From September 8 to November 11, 2012, the Kunstverein Hannover presents »visual fictions«, the first solo presentation in Germany of works by Hans Op de Beeck (born 1969, lives in Brussels). It features a compilation of films, drawings, sculptures and installations spanning the period from 1998 to the present. His multifaceted oeuvre focuses on atmospheric stagings that produce striking moments between wakeful-ness and dream.
The Belgian artist’s pictorial worlds create the illusion of a familiar reality and yet seem remotely alien at the same time, pointing to their artificiality and constructedness. In their structural ambiguity and detached coolness, the depictions conceived by Op de Beeck manifest themselves between memory and vision as critical reflections on our social present. The visually overwhelming works, which have an inherently calm, melancholic or dark, uncanny component, blurs the boundaries between artistic placement and subjective projection. They stimulate the flow of associations and become theatrical stagings of personal or filmic memories.
The exhibition opens with the model-like installation »Location (1)« (1998), which also represents the start of a continuously growing series of works dealing with fictional places and spaces. A deserted intersection lined by barren trees and frozen canals and animated solely by the rhythmically changing traffic lights is at the center of this nocturnal scenario. Op de Beeck juxtaposes the potential filmic associations revolving around the motif of the uncanny and the dangerous with a grotesque situation that makes the principles of road traffic appear absurd.
The accessible monumental installation »Location (7)» (2011), which was first shown in 2011 at the 54th Venice Biennale, depicts a further nocturnal stage-like situation. Upon entering a deserted private apart-ment that has been modeled on a scale of 1:1, the viewer’s attention is drawn to a barren backyard gar-den. Surrounded by a concrete fence, relicts of a garden party can be found alongside an illuminated fountain that nearly takes up the entire garden: An ambivalent image is revealed: numerous utensils loca-ted indoors and outdoors awake the impression that they were only recently still filled with life, but they gray hue blanketing everything causes the scenario to appear petrified and artificial.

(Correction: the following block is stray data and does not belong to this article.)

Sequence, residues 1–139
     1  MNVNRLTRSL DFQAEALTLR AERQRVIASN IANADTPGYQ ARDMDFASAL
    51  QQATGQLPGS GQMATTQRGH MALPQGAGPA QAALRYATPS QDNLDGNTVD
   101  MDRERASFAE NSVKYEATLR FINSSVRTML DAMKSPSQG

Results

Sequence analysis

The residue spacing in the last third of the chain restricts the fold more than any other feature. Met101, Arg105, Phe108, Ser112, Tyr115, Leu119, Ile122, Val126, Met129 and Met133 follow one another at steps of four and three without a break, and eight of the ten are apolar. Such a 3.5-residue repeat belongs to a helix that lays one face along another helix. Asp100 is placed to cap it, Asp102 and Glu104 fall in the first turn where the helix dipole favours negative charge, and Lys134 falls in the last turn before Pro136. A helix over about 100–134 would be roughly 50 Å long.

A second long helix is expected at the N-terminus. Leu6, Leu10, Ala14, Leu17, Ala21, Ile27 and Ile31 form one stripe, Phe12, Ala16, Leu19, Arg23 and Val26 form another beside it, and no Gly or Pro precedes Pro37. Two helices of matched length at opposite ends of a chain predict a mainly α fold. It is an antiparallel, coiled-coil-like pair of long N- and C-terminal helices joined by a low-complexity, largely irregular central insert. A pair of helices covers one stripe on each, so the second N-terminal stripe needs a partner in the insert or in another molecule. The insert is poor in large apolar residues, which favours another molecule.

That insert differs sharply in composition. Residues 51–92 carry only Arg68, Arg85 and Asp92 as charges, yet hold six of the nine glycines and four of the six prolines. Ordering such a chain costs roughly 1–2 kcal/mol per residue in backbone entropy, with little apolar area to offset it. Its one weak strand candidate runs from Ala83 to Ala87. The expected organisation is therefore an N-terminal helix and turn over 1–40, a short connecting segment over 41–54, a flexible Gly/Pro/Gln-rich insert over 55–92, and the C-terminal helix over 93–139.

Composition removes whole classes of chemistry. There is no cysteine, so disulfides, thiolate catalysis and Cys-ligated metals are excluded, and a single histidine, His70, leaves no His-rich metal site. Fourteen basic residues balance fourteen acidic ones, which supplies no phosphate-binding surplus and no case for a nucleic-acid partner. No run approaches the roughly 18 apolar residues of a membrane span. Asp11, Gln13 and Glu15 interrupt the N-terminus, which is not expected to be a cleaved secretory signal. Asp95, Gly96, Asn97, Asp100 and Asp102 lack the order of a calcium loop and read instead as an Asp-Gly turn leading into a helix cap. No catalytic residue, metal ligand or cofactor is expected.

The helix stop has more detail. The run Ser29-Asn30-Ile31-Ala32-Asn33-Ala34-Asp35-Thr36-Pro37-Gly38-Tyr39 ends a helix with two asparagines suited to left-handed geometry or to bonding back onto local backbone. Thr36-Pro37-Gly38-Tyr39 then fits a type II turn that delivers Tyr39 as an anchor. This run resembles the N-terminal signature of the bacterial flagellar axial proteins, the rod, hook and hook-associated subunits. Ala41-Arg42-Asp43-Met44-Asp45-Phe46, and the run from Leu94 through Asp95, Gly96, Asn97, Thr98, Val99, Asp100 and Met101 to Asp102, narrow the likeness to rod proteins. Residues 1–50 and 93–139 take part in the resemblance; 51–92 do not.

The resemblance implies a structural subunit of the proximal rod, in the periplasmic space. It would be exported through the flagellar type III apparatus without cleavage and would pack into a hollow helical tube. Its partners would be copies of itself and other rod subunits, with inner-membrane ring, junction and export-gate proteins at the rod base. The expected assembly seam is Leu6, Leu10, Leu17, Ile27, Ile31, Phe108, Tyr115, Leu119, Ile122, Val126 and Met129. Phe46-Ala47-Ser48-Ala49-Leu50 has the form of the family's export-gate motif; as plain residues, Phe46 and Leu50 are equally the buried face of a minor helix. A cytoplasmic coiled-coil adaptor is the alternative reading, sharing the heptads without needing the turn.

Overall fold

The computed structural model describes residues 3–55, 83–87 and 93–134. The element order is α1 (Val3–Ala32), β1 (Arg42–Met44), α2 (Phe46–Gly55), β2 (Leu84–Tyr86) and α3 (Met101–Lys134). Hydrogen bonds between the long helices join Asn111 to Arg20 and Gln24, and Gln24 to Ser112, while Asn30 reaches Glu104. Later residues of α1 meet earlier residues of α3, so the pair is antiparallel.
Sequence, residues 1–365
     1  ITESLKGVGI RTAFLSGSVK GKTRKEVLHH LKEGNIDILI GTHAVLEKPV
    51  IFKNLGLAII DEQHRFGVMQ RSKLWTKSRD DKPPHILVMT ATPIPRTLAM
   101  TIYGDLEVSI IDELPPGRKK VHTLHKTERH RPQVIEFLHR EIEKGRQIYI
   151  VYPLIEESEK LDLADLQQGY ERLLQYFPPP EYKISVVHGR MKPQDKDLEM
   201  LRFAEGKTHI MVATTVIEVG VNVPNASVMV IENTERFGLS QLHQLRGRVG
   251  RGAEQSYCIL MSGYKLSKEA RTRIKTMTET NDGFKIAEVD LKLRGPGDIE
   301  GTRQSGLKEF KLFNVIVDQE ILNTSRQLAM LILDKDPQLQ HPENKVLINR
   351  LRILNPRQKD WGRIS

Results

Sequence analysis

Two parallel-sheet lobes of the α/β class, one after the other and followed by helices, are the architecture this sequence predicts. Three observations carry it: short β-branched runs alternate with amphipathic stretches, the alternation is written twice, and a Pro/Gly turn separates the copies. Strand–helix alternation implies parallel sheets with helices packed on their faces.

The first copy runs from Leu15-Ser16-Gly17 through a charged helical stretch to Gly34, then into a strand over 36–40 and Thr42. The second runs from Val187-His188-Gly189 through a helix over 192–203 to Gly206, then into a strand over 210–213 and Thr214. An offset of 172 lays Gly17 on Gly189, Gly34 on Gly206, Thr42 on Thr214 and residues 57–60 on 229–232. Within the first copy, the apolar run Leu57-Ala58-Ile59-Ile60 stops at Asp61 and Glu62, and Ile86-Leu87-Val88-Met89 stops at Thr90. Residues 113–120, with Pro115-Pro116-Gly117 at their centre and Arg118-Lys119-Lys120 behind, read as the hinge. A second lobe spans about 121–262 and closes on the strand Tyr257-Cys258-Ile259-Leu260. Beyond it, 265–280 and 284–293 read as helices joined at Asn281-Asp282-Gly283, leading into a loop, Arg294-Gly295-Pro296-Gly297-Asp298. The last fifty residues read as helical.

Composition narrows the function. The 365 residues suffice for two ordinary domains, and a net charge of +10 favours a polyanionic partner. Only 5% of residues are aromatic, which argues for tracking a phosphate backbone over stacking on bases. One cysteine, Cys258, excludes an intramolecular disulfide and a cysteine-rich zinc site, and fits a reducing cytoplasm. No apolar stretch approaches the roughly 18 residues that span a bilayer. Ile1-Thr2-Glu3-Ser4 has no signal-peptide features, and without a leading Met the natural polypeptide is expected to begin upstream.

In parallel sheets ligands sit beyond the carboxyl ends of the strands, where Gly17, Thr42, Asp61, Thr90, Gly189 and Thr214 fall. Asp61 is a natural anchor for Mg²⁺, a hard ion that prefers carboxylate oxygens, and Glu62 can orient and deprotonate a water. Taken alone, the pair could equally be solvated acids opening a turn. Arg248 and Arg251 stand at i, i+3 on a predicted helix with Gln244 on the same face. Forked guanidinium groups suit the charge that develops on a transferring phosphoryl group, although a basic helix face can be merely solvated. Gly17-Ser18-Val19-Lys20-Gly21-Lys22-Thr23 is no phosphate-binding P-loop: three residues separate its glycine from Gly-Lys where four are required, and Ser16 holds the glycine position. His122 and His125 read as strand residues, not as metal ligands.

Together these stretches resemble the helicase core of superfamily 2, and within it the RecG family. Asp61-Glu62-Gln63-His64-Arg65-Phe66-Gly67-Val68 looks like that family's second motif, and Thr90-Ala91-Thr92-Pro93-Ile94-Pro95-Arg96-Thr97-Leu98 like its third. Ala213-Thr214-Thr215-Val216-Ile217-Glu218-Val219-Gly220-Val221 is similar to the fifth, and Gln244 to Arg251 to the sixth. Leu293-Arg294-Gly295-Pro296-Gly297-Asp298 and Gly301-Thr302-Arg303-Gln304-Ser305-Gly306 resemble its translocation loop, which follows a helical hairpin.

Op de Beeck again takes up the motif of festivity suggested in »Location (7)« (2011) by the fairy lights, tables and empty bottles as the remnants of a garden party in the filmic works »Celebration (1)« (2008) and »All together now« (2005) auf. In a slow-moving tracking shot »All together now« (2005) shows close-ups of three dinner parties at such classic occasions as weddings, birthdays and bereavements, drawing the viewer’s attention to the labile balance of interpersonal relationships.
Hans Op de Beeck visualizes the representative appearance of festivities in »Celebration (1)« (2008) based on a sole scene in which an elaborately decorated table is surrounded by a flock of servants in the middle of a barren landscape. The inconclusive waiting for the invited guests tragicomically presents the failure of a meticulously planned party. The expansive installation »Table (1)« (2006) again takes up the aspect of the festive dinner party. A long coffee table bathed in radiant bright light and white with loosely arranged chairs has been enlarged one and a half times. The viewer is returned to the time of his childhood, when the environment and his own physical measurements were not in the same scale. Op de Beeck generates a state of memory in an unreal situation between dream and reality.
The artist deals with the mechanisms of perception in the play with proportions in the black-and-white film »Staging Silence« (2009). Miniature backdrops with everyday items arranged by practiced hands are raised and taken down in rapid succession: glistening skyscrapers are formed out of thermos bottles; noc-turnal street canyons are transformed into deserted corridors. Uninhabited spaces and places are set in motion by means of the hands and a perfect cineaste illusion as well as its deconstruction is constantly produced.
Like at the beginning, at the conclusion of the exhibition, Hans Op de Beeck combines scenes of upheaval and motion with a state of standstill at the conclusion of the exhibition. The 30-minute film »Sea of Tranqui-lity« (2010) describes in undercooled images the frictionless life in a cultivated society that has fulfilled its luxurious material wishes and finds itself in an existential void. The site is a seemingly futuristic cruise ship, a swimming shopping mall with all-round service in which everything that makes up travelling is eliminated. While the passengers enjoy exquisite meals in the board restaurant or have themselves altered by means of cosmetic surgery, the many members of the crew carve out a spartan existence. The combination of film and 3D computer animation underscores the artificiality of this hermetic world and paints the picture of a society that grown alienated.
Op de Beeck’s whole oeuvre is founded on the play with illusion and the staging of atmospheric situations. These appear so convincing that they are apparently recognized as a familiar reality and yet simultane-ously demonstrate that they are nothing more than Potemkin villages.